To help offset declines in state funding, many U.S. public universities are billing their graduate students for thousands of dollars of university fees. The charges, many of them new or recently increased, frequently come as a shock to master’s and Ph.D. students in science, technology, engineering, and math fields who expect their years of training to be financially feasible because they do not pay tuition and receive modest stipends for their research and teaching work.

At Louisiana State University (LSU) in Baton Rouge, for example, grad students are charged $4900 per year in student fees—a sum that has more than doubled in 5 years. “We are not here to be rich,” but grad students who work for the university expect to be able to make ends meet, says Luis Santiago-Rosario, a biology Ph.D. student at LSU who—like many in his situation—wasn’t aware of the fees until he started his program. He’s had to take out $6000 in federal student loans each of the 2 years he’s been in grad school because his teaching stipend—roughly $22,000—isn’t enough to cover the fees as well as living expenses. “[Our pay] is not enough; it’s absolutely not enough after the fees.”

“It’s really hard to be a student here,” adds Erin Good, a physics Ph.D. student at the university who points out that LSU policy bars graduate assistants from seeking outside employment to supplement their income. “I know a ton of people who are relying on food banks … it’s really getting untenable.” LSU isn’t alone in issuing hefty bills. Many other institutions across the country—including private ones—charge fees ranging from less than $100 to a few thousand dollars. But LSU’s fees are especially steep.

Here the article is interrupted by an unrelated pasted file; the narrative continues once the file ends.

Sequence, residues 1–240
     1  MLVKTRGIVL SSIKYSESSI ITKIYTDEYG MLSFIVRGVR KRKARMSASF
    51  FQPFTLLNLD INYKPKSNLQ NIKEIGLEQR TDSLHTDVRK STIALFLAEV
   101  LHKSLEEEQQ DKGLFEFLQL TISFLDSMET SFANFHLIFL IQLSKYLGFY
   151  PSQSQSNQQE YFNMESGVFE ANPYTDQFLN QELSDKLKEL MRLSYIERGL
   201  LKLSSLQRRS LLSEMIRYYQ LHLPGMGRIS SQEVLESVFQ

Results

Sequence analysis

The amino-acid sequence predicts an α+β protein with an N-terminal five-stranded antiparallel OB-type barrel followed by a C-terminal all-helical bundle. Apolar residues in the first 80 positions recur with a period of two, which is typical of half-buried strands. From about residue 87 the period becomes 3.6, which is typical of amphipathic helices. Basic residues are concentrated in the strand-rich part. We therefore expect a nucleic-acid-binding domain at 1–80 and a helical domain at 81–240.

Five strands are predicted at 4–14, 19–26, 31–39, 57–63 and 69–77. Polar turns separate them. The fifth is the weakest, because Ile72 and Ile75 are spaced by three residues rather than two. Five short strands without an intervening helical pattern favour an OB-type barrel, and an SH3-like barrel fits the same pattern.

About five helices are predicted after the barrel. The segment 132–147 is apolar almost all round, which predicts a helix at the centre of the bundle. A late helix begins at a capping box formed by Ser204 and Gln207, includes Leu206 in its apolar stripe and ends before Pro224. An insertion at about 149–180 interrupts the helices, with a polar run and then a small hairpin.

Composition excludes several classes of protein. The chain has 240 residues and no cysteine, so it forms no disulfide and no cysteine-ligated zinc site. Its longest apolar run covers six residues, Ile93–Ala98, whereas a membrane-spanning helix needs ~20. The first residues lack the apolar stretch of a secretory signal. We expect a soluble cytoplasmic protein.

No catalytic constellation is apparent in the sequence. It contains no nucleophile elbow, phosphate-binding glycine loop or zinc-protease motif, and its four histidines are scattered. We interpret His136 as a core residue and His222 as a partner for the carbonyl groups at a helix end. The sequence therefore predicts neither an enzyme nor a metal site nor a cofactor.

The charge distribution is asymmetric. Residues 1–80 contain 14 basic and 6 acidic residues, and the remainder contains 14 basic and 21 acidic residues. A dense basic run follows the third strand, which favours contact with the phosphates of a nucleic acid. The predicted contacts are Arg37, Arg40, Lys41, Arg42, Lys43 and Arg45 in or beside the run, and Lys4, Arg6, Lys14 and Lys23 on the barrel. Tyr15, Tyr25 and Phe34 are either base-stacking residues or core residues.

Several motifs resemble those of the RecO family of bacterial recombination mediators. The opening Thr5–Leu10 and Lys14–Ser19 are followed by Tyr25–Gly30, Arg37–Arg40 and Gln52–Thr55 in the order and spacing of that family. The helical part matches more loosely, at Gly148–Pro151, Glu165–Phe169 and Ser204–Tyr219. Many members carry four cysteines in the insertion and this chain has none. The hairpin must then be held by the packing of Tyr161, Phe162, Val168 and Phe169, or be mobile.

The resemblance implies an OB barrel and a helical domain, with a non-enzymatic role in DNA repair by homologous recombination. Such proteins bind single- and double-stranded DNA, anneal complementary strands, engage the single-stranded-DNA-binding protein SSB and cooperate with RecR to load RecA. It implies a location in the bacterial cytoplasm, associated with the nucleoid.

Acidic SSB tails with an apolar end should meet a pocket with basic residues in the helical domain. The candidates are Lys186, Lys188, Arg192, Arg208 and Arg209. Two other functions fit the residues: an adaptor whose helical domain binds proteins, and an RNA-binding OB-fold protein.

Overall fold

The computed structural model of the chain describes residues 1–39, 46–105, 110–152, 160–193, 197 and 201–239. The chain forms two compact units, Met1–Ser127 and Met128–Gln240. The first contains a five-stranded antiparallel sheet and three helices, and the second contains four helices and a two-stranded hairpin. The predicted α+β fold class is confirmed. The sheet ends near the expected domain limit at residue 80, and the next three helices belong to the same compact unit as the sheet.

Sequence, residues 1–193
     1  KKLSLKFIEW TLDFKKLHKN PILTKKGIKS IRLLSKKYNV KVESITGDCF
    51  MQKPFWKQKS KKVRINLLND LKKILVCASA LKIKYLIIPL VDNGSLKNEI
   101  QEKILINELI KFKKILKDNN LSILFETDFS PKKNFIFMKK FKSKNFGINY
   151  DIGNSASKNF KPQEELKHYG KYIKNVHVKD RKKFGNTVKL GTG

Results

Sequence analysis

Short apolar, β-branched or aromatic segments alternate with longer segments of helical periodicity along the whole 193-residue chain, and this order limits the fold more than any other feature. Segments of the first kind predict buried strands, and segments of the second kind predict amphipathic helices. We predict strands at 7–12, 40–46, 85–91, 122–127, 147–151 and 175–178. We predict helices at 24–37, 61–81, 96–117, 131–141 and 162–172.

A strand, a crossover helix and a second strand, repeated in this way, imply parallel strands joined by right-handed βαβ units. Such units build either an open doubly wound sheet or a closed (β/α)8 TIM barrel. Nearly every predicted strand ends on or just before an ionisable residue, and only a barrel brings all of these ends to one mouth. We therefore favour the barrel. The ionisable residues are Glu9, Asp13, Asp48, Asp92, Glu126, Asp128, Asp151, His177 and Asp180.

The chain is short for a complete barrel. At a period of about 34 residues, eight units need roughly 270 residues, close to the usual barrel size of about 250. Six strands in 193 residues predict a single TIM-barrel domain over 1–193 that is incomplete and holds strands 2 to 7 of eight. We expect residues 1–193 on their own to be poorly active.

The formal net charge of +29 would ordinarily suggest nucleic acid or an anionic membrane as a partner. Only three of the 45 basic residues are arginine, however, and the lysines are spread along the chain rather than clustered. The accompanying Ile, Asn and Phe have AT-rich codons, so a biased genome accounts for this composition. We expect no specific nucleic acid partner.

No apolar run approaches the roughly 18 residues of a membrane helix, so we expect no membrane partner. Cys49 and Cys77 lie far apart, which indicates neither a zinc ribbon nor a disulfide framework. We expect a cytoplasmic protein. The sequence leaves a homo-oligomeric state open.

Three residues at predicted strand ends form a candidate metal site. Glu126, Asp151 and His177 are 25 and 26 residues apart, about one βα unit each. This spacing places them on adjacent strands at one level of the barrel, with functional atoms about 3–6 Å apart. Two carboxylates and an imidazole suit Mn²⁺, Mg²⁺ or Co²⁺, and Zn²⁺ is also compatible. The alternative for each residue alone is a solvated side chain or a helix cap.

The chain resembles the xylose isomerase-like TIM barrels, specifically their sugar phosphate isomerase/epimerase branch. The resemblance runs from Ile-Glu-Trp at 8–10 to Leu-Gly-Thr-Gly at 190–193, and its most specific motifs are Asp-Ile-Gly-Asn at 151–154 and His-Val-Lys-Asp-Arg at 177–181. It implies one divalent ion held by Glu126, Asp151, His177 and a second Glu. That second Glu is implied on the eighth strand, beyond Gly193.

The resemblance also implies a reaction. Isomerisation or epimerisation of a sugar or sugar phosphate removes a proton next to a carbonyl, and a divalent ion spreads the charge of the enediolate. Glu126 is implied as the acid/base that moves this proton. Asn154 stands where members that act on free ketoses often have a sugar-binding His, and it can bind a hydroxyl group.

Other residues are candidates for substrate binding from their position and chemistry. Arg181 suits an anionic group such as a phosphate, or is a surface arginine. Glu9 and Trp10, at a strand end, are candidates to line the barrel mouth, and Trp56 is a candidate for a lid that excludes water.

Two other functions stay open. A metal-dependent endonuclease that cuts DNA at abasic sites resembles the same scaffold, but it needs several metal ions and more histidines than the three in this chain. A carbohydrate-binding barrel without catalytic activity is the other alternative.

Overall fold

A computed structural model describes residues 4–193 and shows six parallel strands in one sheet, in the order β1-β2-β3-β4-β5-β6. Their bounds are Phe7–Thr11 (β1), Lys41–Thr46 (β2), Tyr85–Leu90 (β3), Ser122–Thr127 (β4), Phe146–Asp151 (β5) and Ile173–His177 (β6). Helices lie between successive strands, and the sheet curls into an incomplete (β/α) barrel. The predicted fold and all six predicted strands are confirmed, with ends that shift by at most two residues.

An LSU spokesperson wrote that the university is aware of the squeeze on its grad students. “We continue to evaluate resources to further support our graduate students, as we work within the constraints of the university’s operating budget,” the statement said. On other campuses, students and faculty are also demanding action through strikes and petitions.

Cutbacks in public funding at a time when student numbers are growing and the cost of education is rising have left universities looking for new revenue. “Higher education is being shoved out of state budgets,” says David Feldman, a professor of economics at the College of William & Mary in Williamsburg, Virginia. In response, many public universities have raised tuition. But some states limit tuition hikes. “Fees have been used as this wiggle room way to increase funding if you can’t increase tuition,” says Sophia Laderman, a senior policy analyst at the State Higher Education Executive Officers Association, a nonprofit organization based in Boulder, Colorado.

At LSU, for example, the university instituted a “student excellence fee” in 2016—saying the money would be used to hire instructors and teaching assistants, among other things. At first, grad students were charged roughly $500 per year, but this year the bill is more than $2200, making it the highest of the university’s current fees. The fact that grad students seem to be charged for a service they themselves provide—teaching—is bewildering, says Good, who has advocated for fee changes on behalf of LSU’s grad students.

There are some hopeful signs for grad students who are struggling. At the University of Illinois in Chicago, the graduate student union initiated a strike largely to protest fees, says Sagen Cocklin, a physics Ph.D. student who pays $1200 per year in student fees and serves as co-president of the union’s steering committee. Two weeks into the strike, which led to the cancellation of hundreds of classes, the university agreed to cut the international student fee—$260 per year—in half and increase stipend levels to offset other fees.


Sean-Paul Gott and Ryan Matthew Isto, two former Louisiana State University students, received the maximum jail sentence for hazing charges related to Phi Delta Theta fraternity pledge Max Gruver’s death.

In September 2017, about a month after he arrived at college, Gruver died after spending the night drinking at the Phi Delta Theta fraternity house. The night of his death, Gruver was at the house for a hazing ritual reportedly referred to as “Bible study.”